We have listened carefully to the concerns that have been expressed to us on this matter, and we are grateful for the constructive nature of the discussions we have had. The amendments will ensure that professional accountants are excluded from the Bill's provisions.

The amendments to our amendments, which were moved by noble Lords opposite, seek to extend the exemptions to employees of members of those relevant accounting bodies; for example, trainees, secondees, support staff and other employees who are not members of the accountancy bodies that are listed in Amendment No. 30. We should remind ourselves that we are talking in this context solely about people who hire themselves out under a contract to supply clients with specialist services. Members of the relevant accountancy bodies and their staff who are working "in-house"--that is, for their own company--fall outside the scope of the Bill.

It is not necessarily the case that only members of those relevant accountancy bodies may be hired out under contract to provide services that are relevant to the Bill's provisions. Many of the large well-known accountancy firms have diversified and provide a wide range of services. For example, the publicity material of one of the very largest firms offers expertise in cybercrime, asset recovery, corruption investigations and fraud risk management.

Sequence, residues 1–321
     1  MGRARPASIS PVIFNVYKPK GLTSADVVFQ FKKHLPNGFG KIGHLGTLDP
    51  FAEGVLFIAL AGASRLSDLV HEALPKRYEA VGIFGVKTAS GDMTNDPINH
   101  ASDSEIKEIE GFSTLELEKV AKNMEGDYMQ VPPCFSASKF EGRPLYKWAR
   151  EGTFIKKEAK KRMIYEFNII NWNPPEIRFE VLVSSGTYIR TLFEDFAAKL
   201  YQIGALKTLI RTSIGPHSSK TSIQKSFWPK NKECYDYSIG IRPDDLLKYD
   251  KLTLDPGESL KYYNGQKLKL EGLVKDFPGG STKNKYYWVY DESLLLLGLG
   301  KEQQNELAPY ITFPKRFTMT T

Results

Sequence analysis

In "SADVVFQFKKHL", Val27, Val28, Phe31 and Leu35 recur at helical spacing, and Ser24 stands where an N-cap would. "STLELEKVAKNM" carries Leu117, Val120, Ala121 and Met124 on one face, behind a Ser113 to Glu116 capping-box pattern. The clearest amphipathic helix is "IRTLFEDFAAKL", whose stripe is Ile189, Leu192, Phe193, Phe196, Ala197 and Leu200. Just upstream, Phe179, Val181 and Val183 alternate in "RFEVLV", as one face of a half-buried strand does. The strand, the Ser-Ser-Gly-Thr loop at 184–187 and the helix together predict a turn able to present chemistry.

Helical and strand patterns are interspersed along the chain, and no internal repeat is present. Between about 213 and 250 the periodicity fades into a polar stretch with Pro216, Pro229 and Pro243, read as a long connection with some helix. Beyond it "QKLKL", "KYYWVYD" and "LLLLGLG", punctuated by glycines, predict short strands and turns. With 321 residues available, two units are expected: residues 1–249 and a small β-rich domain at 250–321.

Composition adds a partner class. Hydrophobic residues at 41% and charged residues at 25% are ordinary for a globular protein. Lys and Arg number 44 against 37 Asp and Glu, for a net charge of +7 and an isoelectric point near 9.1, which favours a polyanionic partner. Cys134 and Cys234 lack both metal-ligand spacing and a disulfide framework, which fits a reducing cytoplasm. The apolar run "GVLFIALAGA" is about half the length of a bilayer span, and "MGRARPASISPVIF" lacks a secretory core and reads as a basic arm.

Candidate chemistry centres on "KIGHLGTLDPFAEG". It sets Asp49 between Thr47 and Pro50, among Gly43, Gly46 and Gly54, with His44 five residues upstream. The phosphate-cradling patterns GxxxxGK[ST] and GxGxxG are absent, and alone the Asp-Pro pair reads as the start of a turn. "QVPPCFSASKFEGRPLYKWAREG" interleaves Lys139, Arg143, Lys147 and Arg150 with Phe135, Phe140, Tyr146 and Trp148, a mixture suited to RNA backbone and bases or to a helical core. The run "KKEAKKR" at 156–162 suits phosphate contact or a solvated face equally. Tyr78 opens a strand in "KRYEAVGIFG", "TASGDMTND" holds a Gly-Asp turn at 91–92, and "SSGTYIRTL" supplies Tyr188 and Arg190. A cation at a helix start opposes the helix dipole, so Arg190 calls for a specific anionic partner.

5 Mar 2001 : Column 52

It may well be the case that members of the relevant accountancy bodies as defined by Amendment No. 30 will play a part in some or all of those services. It is also possible that some employees who are not members of those bodies will also play a part. Amendments Nos. 35 and 38 would exempt the latter group from the need for a licence solely on the ground that they were employed by exempted persons. I do not think we should go that far. Employees of accountancy firms who are not themselves members of the relevant accountancy bodies may, if hired out under contract in some of the fields of investigation that I described just now, be undertaking the same type of work as people who legitimately offer their services as private investigators or security consultants but not as accountants. Those groups are rightly required to have a licence under paragraph 4 of Schedule 2. It would therefore be anomalous for non-accountants in accountancy firms to be exempt from licensing when private investigators and security consultants offering the same or similar services would be caught by the Bill. I hope that noble Lords will agree to Amendments Nos. 30, 34 and 37 and that noble Lords opposite will, having heard my comments in this afternoon's debate, withdraw Amendments Nos. 35 and 38. I beg to move.

Lord Cope of Berkeley: My Lords, this group of amendments concerns accountants, and I should declare an interest as a member of the first of the institutes listed in Amendment No. 30.